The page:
The EPI model comprises 3–4 levels: a national/central store [813], intermediate or regional stores (occasionally, zonal stores), second-level intermediate stores/district stores, and service points/health facilities. Considerable effort is expended to ensure 2–8 °C is maintained, however, temperature excursions occur, particularly at the periphery [1318], resulting in vaccine potency loss and wastage. Reducing the number of cold chain steps to improve efficiency and speed, and reduce stockouts and wastage [9,1921] has been recommended by WHO/PATH Project Optimize. Such modifications to the EPI, implemented in Thailand, are being evaluated in Senegal, Tunisia and other countries. The Centers for Disease Control and Prevention (CDC) has introduced a ‘hub-and-spoke’ (H-S) distribution system for vaccines in the USA [22,23]. This program, managed by McKesson Corp., distributes vaccines directly from two hubs to ~40,000 health facilities. Preliminary analyses by us together with Air Liquide (personal communication) and by LEK Consulting [24] (and personal communication), indicate that a LNVP cold chain would operate most efficiently as an H-S network. The LNVP distribution model here is a modified H-S (MH-S) system that includes transshipment at the district level. In Tanzania the EPI is atypical, with a Medical Stores Department (MSD) tariff structure operating from the central store, through distribution, to the district stores, and has been studied previously [25] for vaccine distribution costing without capacity enhancement. Here we have compared the LNVP MH-S to the standard EPI, a MH-S EPI, and the MSD-tariff models.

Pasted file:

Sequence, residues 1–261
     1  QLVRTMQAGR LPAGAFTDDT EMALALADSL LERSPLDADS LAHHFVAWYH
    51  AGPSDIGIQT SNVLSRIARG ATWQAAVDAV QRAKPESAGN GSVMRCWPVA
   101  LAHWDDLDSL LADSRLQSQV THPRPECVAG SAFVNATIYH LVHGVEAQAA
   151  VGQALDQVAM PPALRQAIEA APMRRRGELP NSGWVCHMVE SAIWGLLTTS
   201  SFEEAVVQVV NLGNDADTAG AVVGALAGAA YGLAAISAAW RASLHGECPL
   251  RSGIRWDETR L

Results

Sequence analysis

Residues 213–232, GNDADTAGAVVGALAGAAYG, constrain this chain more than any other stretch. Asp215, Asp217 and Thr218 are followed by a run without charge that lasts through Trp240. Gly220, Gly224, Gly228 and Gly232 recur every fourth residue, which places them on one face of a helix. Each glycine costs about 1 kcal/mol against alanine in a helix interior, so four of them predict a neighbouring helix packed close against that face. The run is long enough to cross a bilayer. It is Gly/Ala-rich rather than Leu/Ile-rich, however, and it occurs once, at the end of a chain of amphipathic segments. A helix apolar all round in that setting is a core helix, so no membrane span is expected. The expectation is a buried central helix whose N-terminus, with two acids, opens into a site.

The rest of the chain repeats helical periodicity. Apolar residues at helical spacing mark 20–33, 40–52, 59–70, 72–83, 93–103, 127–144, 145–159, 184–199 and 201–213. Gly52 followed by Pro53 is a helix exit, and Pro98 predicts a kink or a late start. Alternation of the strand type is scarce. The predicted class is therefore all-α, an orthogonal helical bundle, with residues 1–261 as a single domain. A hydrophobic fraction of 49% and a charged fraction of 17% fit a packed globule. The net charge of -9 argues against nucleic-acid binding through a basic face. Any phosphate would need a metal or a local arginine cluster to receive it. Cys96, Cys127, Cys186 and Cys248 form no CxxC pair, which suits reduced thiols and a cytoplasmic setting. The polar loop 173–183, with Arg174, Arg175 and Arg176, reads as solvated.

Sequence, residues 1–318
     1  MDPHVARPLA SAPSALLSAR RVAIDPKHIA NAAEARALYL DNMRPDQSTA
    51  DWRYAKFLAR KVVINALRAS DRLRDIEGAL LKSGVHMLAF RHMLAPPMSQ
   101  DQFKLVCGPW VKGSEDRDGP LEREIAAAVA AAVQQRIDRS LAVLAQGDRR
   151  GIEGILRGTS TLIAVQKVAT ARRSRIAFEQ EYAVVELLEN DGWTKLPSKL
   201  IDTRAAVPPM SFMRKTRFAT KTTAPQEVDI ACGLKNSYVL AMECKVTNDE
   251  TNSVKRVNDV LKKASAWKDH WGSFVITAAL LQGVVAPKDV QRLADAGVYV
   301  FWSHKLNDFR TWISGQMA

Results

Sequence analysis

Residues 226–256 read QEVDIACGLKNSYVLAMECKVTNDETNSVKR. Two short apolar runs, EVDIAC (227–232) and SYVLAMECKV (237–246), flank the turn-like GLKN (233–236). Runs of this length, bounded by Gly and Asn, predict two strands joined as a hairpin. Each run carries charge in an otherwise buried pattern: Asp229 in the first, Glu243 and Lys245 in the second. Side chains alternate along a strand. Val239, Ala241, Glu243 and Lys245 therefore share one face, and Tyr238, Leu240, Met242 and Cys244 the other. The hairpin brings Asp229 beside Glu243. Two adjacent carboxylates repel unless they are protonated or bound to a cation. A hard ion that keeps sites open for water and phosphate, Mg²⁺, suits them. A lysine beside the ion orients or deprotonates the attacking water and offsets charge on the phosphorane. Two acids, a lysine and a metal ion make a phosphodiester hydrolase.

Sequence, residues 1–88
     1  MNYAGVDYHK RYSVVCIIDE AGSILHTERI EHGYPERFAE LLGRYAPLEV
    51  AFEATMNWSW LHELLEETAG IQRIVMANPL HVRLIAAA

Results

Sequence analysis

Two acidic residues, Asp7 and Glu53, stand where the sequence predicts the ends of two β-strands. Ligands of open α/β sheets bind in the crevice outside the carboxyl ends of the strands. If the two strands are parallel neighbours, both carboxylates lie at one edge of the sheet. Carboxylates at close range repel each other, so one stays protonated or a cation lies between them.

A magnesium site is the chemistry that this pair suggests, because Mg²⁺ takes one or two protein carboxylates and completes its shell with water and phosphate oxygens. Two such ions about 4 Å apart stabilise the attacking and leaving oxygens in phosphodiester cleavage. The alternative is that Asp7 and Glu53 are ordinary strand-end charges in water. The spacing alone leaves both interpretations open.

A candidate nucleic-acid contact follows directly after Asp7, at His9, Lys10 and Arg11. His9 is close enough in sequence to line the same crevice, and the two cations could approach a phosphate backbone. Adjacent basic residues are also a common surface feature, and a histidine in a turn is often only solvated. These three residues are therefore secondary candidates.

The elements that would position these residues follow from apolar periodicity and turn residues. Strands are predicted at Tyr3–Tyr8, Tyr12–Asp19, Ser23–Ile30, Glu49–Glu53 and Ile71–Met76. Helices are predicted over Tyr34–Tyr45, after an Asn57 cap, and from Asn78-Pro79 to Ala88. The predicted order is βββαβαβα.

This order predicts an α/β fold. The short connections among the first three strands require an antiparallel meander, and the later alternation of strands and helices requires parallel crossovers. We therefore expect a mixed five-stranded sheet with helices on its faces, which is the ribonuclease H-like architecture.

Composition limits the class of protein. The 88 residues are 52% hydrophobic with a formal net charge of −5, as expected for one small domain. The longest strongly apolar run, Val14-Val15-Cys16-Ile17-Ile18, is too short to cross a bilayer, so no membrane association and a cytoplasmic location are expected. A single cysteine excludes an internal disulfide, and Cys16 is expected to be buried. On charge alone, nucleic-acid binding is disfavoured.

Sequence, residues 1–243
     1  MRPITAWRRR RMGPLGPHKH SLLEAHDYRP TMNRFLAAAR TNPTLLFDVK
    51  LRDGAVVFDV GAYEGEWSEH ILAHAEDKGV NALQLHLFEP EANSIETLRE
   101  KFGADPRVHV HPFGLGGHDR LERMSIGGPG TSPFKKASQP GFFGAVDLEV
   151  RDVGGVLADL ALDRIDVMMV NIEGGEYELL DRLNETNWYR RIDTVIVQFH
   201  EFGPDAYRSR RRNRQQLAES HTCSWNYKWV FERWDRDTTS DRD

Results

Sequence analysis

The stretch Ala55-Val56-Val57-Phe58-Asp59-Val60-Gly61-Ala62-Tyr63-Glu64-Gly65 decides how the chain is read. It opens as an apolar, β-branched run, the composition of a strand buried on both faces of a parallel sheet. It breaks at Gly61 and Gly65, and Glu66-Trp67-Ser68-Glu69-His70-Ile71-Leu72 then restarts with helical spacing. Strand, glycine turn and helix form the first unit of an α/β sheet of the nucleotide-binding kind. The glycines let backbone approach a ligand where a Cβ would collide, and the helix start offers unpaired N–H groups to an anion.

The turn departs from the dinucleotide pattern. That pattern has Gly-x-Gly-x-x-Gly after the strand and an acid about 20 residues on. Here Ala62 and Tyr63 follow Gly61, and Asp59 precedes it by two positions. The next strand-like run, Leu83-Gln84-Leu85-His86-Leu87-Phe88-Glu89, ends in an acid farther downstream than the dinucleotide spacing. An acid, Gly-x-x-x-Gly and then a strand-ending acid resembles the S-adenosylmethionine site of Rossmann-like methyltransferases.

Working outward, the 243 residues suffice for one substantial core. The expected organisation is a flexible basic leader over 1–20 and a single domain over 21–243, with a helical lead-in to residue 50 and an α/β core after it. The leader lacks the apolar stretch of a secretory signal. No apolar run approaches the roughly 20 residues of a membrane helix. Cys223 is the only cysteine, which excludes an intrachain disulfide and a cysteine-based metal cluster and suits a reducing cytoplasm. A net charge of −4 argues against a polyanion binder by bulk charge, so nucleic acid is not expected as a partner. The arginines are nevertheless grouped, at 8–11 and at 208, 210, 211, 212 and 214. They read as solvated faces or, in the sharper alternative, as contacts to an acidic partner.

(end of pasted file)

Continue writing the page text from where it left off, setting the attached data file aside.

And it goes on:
No human vaccines manufactured at scale currently use liquid nitrogen (LN2) or LNVP for storage and distribution. However, LN2 is in widespread use for storage and distribution of several veterinary vaccines [26], in livestock reproduction (particularly artificial insemination; AI) [27,28], for transfusion blood products, and for the newer cell therapies and anti-cancer vaccines [29,30]. The East Coast fever (ECF) vaccine, comprising an infection-treatment regimen of Theileria parva sporozoites injected concomitantly with oxytetracycline, is a commercial product distributed through a LN2 cold chain in rural areas of Malawi, Tanzania and Kenya [31]. A similar infection–treatment sporozoite-based approach for P. falciparum (PfSPZ-CVac) has just entered phase 1 trials – this would also be distributed using a LNVP cold chain.